Organized team activities and mandatory minicamp have come and gone, and the Ravens are off enjoying a little down time before the start of training camp. But my peers in the media never rest, which is why I have rounded up what several national media outlets have been saying about the Ravens the past several days.
--- Clark Judge of CBS Sports says Ravens linebacker Terrell Suggs would be wise to follow the cautionary tale of Jason Peters, the Philadelphia Eagles left tackle who has torn his Achilles tendon twice this offseason.
“While I'm not suggesting Peters did anything improper, I am suggesting that Suggs pay attention and proceed carefully, patiently and wisely -- listening to physicians as much as he listens to his body,” wrote Judge, who attended last week’s mandatory minicamp. “I know, I know, he's the reigning Defensive Player of the Year, Baltimore's career sack leader and one of the premier members on a premier defense. So it would be helpful to have him back as quickly as possible. But I don't want what happened to Jason Peters happening to him, and while the Peters' injury sounds like a freak accident it's a reminder that you can never be too certain.”
----- Peter Schrager of FOX Sports chatted with Paul Kruger about being counted on to replace Suggs.
“‘Next Man Up’ was the title of a John Feinstein book about the 2004 Baltimore Ravens. Though only a handful of the current members of the team were around for that season -- Ray Lewis, Ed Reed -- the book’s title has maintained a permanent presence within the organization’s walls. And when news leaked out of Arizona that the 2011 Defensive Player of the Year had torn his Achilles' tendon while training, there was no moment of silence or memorial service held. There were no big-time free agents brought in to serve as temporary Band-Aids, either,” wrote Schrager, who spoke with Kruger during last week’s minicamp.
--- Gary Horton of ESPN's Scouts Inc. listed Haloti Ngata as one of the most versatile players in the AFC.
“For a big man, he has surprising athletic ability and movement skills. He plays defensive end in their base 3-4 defense, although he can occasionally line up at nose tackle, and he slides to [defensive tackle] in their 4-3 nickel package on passing downs,” Horton wrote. “What is really surprising is that he can occasionally line up wide to get a better matchup in space, and he can even drop into coverage on those zone blitzes that the Ravens like to run. He also has the ability to line up as a blocking FB in a goal-line situation on rare occasions.”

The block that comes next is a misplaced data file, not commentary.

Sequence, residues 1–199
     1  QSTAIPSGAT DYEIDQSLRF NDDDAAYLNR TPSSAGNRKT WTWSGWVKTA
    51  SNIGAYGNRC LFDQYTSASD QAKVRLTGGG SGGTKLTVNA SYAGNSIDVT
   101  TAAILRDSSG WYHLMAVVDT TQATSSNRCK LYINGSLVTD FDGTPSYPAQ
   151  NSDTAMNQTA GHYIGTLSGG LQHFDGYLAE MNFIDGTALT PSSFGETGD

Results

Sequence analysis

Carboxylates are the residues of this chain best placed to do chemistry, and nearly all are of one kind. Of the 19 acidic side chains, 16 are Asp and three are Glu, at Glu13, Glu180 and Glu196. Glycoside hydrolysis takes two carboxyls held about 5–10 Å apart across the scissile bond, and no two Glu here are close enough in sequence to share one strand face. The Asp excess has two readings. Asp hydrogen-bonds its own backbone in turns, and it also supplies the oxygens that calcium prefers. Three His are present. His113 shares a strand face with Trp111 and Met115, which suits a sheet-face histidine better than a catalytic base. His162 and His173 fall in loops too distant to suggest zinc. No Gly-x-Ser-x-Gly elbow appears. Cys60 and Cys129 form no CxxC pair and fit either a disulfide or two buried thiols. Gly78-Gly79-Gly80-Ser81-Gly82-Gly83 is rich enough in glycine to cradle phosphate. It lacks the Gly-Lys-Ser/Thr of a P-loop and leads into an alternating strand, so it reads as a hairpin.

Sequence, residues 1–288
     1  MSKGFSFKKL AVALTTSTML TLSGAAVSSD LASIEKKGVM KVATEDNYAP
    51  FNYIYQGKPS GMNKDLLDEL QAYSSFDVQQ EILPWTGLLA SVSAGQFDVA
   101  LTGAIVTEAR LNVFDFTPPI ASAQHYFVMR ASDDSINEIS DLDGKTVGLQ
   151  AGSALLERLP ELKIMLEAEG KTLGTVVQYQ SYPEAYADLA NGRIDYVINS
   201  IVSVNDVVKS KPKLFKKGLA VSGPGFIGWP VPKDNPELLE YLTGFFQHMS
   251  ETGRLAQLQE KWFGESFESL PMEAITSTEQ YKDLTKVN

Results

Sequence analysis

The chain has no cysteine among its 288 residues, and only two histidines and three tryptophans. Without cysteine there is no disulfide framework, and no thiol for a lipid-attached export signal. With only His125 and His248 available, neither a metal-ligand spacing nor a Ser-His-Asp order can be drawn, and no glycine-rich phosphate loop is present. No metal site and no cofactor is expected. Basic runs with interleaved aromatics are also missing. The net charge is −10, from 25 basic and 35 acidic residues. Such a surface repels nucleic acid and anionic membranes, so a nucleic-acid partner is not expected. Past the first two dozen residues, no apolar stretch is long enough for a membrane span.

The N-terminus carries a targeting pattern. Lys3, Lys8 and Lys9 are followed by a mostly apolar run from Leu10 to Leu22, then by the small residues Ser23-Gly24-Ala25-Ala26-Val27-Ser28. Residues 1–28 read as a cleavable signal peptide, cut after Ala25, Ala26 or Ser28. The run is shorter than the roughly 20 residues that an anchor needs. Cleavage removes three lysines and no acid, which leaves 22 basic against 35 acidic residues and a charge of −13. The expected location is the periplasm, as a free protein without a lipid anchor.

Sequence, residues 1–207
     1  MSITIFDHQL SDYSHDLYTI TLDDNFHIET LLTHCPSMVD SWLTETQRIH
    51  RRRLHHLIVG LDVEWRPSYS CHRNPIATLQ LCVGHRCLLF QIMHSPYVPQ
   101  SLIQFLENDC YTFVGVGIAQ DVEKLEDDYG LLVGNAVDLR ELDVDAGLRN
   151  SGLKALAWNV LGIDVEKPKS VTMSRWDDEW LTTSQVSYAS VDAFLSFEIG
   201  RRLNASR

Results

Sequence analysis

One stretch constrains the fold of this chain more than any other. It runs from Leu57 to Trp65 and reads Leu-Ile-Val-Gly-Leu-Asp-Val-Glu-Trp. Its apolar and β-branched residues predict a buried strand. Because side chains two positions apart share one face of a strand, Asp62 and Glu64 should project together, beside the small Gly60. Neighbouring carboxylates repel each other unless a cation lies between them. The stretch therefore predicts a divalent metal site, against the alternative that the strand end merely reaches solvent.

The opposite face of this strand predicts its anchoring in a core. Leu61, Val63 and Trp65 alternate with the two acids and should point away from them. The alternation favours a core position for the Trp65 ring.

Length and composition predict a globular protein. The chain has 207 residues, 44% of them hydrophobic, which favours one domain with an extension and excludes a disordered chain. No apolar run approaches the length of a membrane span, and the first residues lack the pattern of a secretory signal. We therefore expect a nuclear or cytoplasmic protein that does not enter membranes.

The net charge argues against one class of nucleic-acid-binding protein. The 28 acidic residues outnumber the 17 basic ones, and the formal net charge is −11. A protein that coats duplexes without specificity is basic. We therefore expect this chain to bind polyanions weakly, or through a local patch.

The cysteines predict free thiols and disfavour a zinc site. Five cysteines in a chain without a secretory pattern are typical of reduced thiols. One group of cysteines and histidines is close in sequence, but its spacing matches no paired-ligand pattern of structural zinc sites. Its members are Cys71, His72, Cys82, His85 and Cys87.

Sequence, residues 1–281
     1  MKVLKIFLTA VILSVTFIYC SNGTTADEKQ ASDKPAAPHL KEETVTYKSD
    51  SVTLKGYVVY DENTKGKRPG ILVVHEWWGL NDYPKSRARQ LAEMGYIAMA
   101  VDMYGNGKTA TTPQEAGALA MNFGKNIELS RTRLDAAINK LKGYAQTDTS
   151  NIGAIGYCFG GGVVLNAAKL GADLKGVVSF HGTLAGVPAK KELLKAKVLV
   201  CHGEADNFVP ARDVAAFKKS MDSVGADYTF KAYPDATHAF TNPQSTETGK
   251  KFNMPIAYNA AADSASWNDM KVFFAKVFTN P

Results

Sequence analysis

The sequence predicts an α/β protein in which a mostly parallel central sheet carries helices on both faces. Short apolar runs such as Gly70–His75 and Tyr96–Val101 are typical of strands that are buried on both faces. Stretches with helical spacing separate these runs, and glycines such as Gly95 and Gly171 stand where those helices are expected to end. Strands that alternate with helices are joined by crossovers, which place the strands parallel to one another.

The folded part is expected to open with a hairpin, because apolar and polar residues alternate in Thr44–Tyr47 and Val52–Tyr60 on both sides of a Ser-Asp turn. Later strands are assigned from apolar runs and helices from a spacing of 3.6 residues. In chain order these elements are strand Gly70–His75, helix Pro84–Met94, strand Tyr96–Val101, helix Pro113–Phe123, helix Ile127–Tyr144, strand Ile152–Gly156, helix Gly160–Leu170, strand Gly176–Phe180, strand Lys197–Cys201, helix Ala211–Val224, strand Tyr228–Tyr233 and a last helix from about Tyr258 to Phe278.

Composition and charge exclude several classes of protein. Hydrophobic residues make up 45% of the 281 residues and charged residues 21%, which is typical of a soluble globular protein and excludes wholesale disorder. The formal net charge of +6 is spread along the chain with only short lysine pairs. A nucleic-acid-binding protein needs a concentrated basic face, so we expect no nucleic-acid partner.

--- Legendary NFL talent evaluator Gil Brandt put the Ravens eighth in NFL.com’s offseason power rankings.
“The Ravens came just one play away from Super Bowl XLVI, but the loss of outside linebacker Terrell Suggs to an Achilles' tendon tear really hurts. Is this the season Ray Lewis and/or Ed Reed finally hit the wall? With all these questions on defense, the Ravens' offensive backfield of Joe Flacco and Ray Rice will be the key to this team's success in 2012,” wrote Brandt, who ranked the Ravens one spot ahead of the Pittsburgh Steelers.
--- Pete Prisco of CBS Sports believes fourth-year cornerback Lardarius Webb is the team’s most underrated player (he also said that wide receiver Anquan Boldin is the most overrated player on the Ravens roster).
“He emerged as a real shutdown corner in 2011. He didn't give up a touchdown pass, which is impressive in a division with [wide receivers] A.J. Green, Mike Wallace and Antonio Brown,” Prisco said about Webb.
--- ESPN’s Jamison Hensley didn’t buy Bryant McKinnie’s explanation for why he was held out of minicamp.
“I'm still skeptical that the Ravens kept McKinnie off the field for all three days for conditioning reasons, especially if he is less than 10 pounds away from his goal. Either there's another reason or McKinnie is further away from the targeted weight. It's becoming clear that the Ravens are trying to squeeze one more season out of the McKinnie. He turns 33 in September and is in the final year of his contract,” Hensley wrote.Copyright © 2015, The Baltimore Sun